Baze Focused On Winning Races In Pursuit Of Fairplex Riding Crown
September 20, 2002
Tyler Baze has never won a riding title in his brief career of three-plus years, but at Fairplex Park through Thursday, he was only one victory behind perennial leader Martin Pedroza, 10-9.
"I was second here twice," said the baby-faced Seattle native, who turns 20 on Oct. 19, "but this would be my first."
Baze, whose father Earl and mother Cammie are former jockeys, had to rethink his riding style when he came to Pomona's five-eighths of a mile track after traversing the major ovals of one mile and larger.
"It was an adjustment the first year I rode at Fairplex because it's three-eighths of a mile shorter than a regular track," said Baze, who has more riders in his family than there are in most jocks' rooms. Not only were his father and mother jockeys, but second cousin Russell Baze, perennial Bay Area king, is in the Hall of Fame, uncle Gary Baze is the all-time leader at Longacres and Dale Baze, Russell's brother, rides in Florida.
"Most tracks are a mile and this is five-eighths," Baze said of Fairplex. "The first time I rode here was really difficult learning how to ride the turns and the track, but now it's just like riding a mile track. As far as winning the title being meaningful to my career, I'm out here to focus on winning races and that's what I'm going to try to do."
Baze has been given first call on trainer Bill Spawr's horses during the 17-day Pomona season. Riding for such a successful barn gives him an advantage.
"Spawr's a really nice guy and a good trainer," Baze said. "I'm also riding a few for Doug O'Neill and John Sadler and a lot of little guys who only have one or two horses. They help me out, too. Those guys only get a chance to win a couple races, so I like riding for them. But I like riding for everybody. My big barn here though, is Spawr. We've got first call on everything for him."
Although Baze will be barely out of his teens, he is mature enough to recognize momentum when it builds and negativism that losing can breed. He is not eagerly awaiting the start of Oak Tree at Santa Anita on Oct. 2.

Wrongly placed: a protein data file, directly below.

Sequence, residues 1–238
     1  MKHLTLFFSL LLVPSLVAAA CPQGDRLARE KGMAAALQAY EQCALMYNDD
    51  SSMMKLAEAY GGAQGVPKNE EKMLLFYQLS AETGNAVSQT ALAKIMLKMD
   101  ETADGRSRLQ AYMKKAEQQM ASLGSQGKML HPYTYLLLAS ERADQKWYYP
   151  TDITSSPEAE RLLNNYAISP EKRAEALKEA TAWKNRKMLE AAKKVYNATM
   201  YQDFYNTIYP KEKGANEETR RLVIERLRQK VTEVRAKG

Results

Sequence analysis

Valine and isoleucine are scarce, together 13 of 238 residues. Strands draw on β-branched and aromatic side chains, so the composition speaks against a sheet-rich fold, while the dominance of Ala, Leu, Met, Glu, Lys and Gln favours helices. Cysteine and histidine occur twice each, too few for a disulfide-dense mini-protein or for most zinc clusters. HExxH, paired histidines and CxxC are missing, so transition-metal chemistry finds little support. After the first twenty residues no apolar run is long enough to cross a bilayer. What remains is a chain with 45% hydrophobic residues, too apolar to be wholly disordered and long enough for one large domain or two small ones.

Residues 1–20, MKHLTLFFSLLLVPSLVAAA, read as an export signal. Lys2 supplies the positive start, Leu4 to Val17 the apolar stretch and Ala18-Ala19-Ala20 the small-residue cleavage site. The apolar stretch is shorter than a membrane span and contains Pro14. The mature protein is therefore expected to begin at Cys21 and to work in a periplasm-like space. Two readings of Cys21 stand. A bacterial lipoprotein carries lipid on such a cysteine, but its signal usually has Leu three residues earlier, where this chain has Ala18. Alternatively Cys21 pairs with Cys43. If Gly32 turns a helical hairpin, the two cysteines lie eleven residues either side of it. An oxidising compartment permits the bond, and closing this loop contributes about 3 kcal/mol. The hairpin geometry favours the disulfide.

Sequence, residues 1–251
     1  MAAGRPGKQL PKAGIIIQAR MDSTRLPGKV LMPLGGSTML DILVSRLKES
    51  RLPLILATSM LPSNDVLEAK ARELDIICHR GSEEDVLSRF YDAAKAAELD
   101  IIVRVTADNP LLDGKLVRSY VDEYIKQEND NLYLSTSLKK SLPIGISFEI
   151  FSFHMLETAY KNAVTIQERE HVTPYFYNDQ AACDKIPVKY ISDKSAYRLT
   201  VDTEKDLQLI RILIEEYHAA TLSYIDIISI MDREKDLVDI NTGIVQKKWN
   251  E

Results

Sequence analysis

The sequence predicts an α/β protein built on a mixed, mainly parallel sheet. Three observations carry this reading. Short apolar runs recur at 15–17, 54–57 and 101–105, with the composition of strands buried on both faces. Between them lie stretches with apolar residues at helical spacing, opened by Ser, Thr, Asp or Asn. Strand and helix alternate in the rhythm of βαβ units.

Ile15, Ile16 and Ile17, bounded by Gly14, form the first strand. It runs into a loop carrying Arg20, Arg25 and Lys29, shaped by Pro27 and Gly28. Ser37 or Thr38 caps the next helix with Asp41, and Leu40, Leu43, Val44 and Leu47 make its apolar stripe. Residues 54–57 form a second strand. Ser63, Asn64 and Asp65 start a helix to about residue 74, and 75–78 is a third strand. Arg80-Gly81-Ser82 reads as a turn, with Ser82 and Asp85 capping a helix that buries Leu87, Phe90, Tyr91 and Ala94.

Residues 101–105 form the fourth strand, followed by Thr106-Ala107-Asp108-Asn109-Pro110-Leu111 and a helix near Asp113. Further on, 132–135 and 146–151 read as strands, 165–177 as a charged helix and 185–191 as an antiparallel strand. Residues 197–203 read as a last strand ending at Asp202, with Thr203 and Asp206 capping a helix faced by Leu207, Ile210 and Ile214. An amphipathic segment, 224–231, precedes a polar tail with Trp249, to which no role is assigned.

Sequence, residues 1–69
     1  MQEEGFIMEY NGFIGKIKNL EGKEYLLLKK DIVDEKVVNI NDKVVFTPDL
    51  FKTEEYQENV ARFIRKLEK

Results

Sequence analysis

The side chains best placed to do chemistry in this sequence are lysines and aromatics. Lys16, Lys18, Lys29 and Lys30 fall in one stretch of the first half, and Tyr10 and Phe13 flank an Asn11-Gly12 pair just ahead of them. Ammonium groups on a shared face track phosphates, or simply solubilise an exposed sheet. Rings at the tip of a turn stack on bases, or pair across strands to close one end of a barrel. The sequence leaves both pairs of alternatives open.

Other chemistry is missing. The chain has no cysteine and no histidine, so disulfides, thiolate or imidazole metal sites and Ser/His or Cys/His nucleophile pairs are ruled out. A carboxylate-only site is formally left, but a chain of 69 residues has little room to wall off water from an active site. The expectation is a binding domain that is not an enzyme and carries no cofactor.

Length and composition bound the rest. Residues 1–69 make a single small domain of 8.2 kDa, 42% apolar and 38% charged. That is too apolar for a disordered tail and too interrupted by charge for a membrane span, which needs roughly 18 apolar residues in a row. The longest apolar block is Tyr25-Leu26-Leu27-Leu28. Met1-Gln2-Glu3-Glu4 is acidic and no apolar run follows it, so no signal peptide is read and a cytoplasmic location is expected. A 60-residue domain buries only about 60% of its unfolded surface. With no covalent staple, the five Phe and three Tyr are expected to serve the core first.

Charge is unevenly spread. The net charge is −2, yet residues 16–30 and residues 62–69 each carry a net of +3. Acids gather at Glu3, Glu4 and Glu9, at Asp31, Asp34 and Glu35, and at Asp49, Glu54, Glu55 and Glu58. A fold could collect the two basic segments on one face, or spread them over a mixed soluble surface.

"Actually, I wish this meet would run all year long," Baze said. "It's a great track and I don't have to ride against Laffit (Pincay Jr.), Alex Solis and Pat (Valenzuela). They're riding favorites in every race and I'm the one riding 10-1 shots trying to get them to run. I get my few (winners against them) but I get good calls here and I can ride some favorites and it's more fun. It's not just a case of being a big fish in a small pond. When you win races it keeps your confidence level high. When you're not winning and a horse isn't running good, it's hard on a person, it really is. When you do better, you have a better attitude, better spirits all the time and horses can feel it. They run harder for you if you're trying harder.
"I'm more comfortable dealing with the media now than I was when I first started. At first it was kind of a shock. Now, I've been through it all.
"I go race by race and look at the (Daily Racing) Form, and do what the trainers tell me to do. If a trainer tells me to take back, I'll take back. If he says go to the lead, I'll go to the lead and see how long the horse lasts. A lot of trainers don't say anything. They say, 'Ride the horse like you own him' and I'll ride the best race I can when the gate opens."
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